Turbine blade implants measure at 32,000g.

By combining modern micro-machined silicon technology
with 19th Century type vitreous enamel, an Oxford University
research group has come up with a means of mounting
sensors on turbine blades which does not interfere with
gas flow.

True turbulent flow conditions inside a turbine operating in a realistic
manner can now be accurately monitored for the first time, unhindered
by possible interactions between sensors, their leads and the gases
rushing past.

 Mounting a turbine rotor in a test rig.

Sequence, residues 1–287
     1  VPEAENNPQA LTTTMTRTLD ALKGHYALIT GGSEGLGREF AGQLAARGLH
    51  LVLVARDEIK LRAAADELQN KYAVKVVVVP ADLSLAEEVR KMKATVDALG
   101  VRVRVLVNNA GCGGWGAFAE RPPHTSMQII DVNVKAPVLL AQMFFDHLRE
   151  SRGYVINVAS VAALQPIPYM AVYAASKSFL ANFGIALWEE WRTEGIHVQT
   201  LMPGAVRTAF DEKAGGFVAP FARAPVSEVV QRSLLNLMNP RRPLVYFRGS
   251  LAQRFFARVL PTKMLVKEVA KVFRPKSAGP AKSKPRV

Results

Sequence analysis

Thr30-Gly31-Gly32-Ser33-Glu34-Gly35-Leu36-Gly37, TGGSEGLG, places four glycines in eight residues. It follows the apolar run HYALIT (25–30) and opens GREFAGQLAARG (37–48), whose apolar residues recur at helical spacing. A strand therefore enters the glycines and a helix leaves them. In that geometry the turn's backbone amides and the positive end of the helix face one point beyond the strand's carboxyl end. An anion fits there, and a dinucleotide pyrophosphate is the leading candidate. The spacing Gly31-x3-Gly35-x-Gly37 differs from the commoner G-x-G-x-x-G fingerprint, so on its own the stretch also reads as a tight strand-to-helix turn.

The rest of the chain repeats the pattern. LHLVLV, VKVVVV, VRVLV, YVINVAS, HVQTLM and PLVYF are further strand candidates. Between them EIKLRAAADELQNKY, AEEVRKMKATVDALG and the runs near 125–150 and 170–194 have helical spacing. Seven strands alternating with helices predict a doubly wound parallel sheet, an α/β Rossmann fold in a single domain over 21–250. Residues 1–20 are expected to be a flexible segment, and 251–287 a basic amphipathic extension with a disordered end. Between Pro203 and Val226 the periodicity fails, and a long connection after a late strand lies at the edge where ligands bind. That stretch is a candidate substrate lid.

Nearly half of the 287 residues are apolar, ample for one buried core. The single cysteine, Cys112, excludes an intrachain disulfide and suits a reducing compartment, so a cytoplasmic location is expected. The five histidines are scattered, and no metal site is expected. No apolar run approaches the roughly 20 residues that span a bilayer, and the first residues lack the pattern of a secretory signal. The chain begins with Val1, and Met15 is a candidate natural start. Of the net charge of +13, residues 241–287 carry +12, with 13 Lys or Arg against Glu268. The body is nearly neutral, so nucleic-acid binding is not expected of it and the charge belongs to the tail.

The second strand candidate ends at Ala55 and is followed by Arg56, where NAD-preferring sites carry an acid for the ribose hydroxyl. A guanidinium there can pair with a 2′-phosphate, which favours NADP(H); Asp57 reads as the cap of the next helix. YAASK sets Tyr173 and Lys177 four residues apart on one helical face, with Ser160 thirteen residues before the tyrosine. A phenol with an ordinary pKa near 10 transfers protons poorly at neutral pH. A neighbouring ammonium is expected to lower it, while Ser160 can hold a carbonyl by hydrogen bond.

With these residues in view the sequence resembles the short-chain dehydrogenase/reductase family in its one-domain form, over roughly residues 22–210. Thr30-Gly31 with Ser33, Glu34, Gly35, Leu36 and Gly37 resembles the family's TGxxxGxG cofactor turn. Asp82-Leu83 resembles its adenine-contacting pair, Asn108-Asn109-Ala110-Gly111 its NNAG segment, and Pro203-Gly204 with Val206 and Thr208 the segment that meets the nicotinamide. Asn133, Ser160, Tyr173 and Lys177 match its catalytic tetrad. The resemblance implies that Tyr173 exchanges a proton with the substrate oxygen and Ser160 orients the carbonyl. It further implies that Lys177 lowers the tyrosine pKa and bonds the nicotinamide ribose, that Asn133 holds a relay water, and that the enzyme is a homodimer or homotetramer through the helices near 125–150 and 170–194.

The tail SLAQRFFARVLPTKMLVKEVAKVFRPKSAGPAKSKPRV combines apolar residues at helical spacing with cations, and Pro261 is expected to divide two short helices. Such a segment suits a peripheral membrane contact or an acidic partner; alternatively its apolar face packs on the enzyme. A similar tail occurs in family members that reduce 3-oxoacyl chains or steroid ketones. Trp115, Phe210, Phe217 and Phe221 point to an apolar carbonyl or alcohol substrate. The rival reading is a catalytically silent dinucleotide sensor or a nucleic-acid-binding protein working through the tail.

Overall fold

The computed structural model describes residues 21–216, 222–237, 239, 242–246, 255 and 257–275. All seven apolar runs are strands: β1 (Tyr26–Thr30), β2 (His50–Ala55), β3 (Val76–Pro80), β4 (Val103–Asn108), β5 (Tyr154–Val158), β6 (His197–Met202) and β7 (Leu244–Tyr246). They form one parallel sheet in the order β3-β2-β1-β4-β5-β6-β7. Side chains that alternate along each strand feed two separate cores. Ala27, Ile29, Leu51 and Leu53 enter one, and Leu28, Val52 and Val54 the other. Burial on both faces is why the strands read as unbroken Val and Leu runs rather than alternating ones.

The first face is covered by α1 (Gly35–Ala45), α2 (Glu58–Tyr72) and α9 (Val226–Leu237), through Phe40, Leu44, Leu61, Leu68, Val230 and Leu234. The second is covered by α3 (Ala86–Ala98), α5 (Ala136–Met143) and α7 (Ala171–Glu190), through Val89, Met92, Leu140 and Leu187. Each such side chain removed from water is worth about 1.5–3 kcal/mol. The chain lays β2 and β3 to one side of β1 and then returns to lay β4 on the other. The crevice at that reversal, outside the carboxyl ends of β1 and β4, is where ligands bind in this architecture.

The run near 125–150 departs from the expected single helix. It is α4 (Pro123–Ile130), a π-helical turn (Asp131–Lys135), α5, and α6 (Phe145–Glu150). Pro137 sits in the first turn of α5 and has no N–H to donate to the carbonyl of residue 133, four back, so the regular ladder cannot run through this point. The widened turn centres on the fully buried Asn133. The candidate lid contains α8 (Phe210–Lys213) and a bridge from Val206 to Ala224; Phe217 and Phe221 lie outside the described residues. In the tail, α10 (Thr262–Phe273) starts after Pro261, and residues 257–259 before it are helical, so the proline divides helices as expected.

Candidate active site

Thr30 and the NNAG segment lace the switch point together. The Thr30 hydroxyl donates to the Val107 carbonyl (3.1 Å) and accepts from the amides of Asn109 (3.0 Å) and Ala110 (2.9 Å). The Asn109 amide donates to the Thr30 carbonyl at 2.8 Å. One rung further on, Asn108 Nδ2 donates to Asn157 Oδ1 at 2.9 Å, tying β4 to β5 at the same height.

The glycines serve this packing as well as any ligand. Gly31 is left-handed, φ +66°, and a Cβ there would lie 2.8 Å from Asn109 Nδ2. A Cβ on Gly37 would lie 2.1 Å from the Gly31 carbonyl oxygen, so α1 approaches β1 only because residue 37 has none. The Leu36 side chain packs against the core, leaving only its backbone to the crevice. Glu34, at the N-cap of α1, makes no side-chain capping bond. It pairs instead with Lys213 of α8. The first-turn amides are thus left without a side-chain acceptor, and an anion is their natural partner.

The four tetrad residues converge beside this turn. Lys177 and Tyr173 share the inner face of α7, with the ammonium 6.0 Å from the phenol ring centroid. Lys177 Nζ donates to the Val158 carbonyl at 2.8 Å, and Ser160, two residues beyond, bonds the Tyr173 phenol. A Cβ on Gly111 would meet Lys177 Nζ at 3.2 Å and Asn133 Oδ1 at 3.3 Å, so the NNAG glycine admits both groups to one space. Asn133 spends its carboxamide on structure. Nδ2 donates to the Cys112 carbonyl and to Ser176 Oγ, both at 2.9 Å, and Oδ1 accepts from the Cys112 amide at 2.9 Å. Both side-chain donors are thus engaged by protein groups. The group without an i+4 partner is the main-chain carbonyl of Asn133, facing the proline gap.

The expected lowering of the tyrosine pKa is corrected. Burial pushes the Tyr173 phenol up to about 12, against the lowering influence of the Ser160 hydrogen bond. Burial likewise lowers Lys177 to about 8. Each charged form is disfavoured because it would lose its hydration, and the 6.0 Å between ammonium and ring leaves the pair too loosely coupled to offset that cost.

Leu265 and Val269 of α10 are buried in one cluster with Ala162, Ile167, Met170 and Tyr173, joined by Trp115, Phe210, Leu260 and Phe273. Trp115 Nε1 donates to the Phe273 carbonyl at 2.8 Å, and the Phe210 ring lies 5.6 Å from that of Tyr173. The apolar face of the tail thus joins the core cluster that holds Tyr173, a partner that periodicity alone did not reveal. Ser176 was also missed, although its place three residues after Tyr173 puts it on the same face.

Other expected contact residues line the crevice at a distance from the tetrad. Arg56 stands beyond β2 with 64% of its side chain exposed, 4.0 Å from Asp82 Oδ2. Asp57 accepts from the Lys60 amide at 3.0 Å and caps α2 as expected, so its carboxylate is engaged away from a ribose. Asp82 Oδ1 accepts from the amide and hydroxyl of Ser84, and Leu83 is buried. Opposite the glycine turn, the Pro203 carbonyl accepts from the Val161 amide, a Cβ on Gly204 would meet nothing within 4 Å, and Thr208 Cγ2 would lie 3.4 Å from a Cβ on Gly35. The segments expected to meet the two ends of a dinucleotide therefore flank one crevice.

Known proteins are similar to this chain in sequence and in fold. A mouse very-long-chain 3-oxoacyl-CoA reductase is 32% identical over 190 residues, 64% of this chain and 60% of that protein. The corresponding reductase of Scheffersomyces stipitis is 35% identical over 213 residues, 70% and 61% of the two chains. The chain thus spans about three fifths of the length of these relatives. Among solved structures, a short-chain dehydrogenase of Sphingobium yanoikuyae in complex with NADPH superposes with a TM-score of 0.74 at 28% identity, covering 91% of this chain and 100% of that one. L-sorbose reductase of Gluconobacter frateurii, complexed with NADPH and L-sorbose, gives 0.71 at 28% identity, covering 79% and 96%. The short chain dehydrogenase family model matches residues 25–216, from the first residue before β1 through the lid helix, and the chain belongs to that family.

The shaft mounted electronics associated with testing. This will lead to the ability to model fluid flow under conditions of extreme turbulence much more accurately and confidently than has been possible up to now. And it also demonstrates a neater, more effective way of building in pressure, temperature and other types of sensors into test rigs, than is normally the case. Fluid flow under extreme conditions of turbulence,-those to be expected in turbines, hydraulic valves and most other situations of real engineering interest- have so far proved impossible to model fully on computers. The problems are caused not so much by lack of computing power, as a mathematics which does not lend itself to solution with conventional machines. One Oxford physicist is even now engaged in developing a totally new kind of computer to try to solve the problem but until he succeeds, proper mathematical modelling and design of systems involving highly turbulent flow still has to be based on painstaking experimental measurement. Micro-machined silicon pressure sensors bonded into a turbine blade. Nowhere is this more true than in the case of gas turbines, and for some time now, Roger Ainsworth and his team from the university's Department of Engineering Science have been making full scale measurements of turbine gas flow behaviour in what used to be the old Oxford Power Station. They have a test bed, which allows 1 .6m3 of air at 115 lb/in2 (8 bar) to be exhausted through a single 2ft diameter rotor and stator in 0.2s (representing a transient power output of 2MW). It would all be in vain were it not for the effort the team has put into finding a way of building sensors and circuitry into the turbine blades without distorting gas flow. Both pressure and temperature can be measured, by making use of the properties of vitreous enamels of the same types as used on domestic cookers. In the case of temperature sensors, the blades are enamelled before platinum resistance gauges and gold leads are painted on, using four coats of 'Hanovia Liquid Bright' from Englehard. The blades are then fired at 640°C, a process which results in measurement sensors and leads being endowed with an overall resistance of about 50ohms. But even more remarkable are the measurements with micro-machined silicon pressure chips from Kulite. First, a coating of vitreous enamel is laid down and fired to provide an insulating layer, followed by wires, in a machined groove. Then follows a second coating and firing followed by milling to expose the wires. Fifteen Kulite micro-machined silicon pressure sensors are then stuck in the groove with epoxy and connected up to provide a ring of sensors capable of withstanding 32,000g. Personally developed by the president of Kulite Semiconductor products, Anthony Kurtz, the chips use piezo-resistive strain gauge elements diffused into a flexing diaphragm bonded onto glass. Most remarkable from Roger Ainsworth's point of view has been Kulite's ability to turn round new chip designs in no more than a week. The project has been referred to by Geoff Bancroft, Kulite's British managing director as the "Jewel in their Crown", both because of the importance they are giving it and the jewel-like look of the sensors mounted on the blade. 'Explosive' acceleration The turbine test rig is also of more than passing interest. Invented in its original form in the early 70s by Professor Jones to test stationary cascades of turbine blades, the team have modified it to incorporate a fully rotating turbine stage, supported by Rolls-Royce and SERC. The driving reservoir of air is compressed by a piston in a cylindrical chamber, 5.5m long and two feet in diameter, pressed on its outer side by compressed air from cylinders. The air in the reservoir is then held in place by a rotary gate valve of 30 segments, across the entire cross-section of the cylinder. The turbine is initially run up to 6,500rev/min by an air motor, whereupon a perspex cylinder is shattered by a detonator to release the gate valve, which until then has been held open against compressed air at 65 lb/in2 (4.5 bar). The valve opens fully in 40ms and in the subsequent 200ms, the turbine accelerates by a further 3,000 rev/mm. Data is grabbed from 8 of the 32 sensors as the turbine passes 8,400 rev/mm via slip rings, gathering signals which have already been pre-amplified by electronic circuitry built into the turbine shaft. The bearing have to be preloaded during the run up, since they were designed to run only under load, and the outward side of the turbine is initially evacuated to 0.1 lb/in2 (7 mbar), a pressure which rises to 0 lb/mm2 (0.7 bar) by the end of the run. The same embedding and painting techniques using vitreous enamel could also be applied to the painting or implanting of strain gauge and other sensors and the whole method is of general application to the mounting of sensors on test rigs, whether to maintain unhindered gas flow or merely to protect them. The ideas can be further extended to the production of vitreous enamel on steel-printed circuit boards. Such items have been manufactured experimentally but are not in production because of micro-cracking problems which appear in long-term use - particularly in the domestic cooker environment for which they were originally intended. _________________________________________________________ From an article by Tom Shelley, published in the magazine 'Eureka' April 2001